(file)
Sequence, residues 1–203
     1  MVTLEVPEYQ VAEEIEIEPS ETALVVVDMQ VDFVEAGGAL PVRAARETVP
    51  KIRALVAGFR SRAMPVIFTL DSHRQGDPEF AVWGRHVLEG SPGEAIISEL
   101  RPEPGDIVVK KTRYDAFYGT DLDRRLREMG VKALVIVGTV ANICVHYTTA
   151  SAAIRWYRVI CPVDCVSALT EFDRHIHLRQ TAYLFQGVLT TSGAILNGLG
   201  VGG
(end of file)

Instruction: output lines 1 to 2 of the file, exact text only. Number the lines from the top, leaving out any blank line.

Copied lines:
Sequence, residues 1–203
     1  MVTLEVPEYQ VAEEIEIEPS ETALVVVDMQ VDFVEAGGAL PVRAARETVP